Blackwell Publishing

Fossils and the history of life - What can the fossil record tell us about the origins of cells?


Eukaryotic cells

Unicellular prokaryotic life exists in the fossil record approximately 3.5 billion years ago. The other kind of cell, the eukaryotic cell, does not appear in the record until 1.8 billion years ago.

Eukaryotic cells are more complex, with a separate nucleus and organelles, and are usually larger than prokaryotic cells. The long time from the origin of life and of prokaryotic cells to the origin of eukaryotic cells - about 50% of biological history - suggests that it was an improbable, or evolutionarily difficult, transition.

There has been much research on the origin of organelles and it is widely (if not universally) accepted that they originated in a symbiotic union of ancestral prokaryotes. One cell may have entered another (wither as engulfed food, or as a parasite), and instead of being digested or parasitizing its host, it may have evolved into a symbiotic mitochondrion. (It is of course most unlikely that it was a unique event: rather, it would often occur that one cell entered another, and all sorts of evolutionary possibilities could ensue.) If the mitochondrial ancestor was originally a parasite, the theory about evolutionary increases and decreases in virulence gives reasons why it might have evolved into a symbiont.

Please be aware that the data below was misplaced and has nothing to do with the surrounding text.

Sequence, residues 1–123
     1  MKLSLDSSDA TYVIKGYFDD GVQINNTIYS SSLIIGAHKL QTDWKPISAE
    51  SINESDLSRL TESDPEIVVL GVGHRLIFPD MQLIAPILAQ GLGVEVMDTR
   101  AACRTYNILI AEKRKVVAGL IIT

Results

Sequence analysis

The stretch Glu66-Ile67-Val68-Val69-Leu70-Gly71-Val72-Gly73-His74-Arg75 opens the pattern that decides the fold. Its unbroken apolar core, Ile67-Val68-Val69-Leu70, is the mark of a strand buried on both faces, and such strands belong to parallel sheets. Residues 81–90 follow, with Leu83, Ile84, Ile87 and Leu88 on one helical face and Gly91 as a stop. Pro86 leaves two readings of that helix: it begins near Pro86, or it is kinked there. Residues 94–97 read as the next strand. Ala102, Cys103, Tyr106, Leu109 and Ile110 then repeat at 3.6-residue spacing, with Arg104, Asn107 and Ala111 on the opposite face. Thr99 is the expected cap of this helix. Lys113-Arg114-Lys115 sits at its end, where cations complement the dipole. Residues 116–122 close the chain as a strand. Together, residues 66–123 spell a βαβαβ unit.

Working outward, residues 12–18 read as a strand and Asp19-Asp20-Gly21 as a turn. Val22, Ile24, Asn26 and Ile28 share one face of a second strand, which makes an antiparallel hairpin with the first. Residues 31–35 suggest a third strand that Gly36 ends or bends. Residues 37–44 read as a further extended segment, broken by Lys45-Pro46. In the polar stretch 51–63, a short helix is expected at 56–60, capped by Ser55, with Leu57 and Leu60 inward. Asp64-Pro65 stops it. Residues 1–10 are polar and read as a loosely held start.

Figure: all plants and animals are eukaryotic: they possess complex cells with a separate nucleus. Within the nucleus the DNA is here illustrated in the diffuse form called chromatin; when the cell divides, the chromatin coalesces into structures called chromosomes.

Previous Next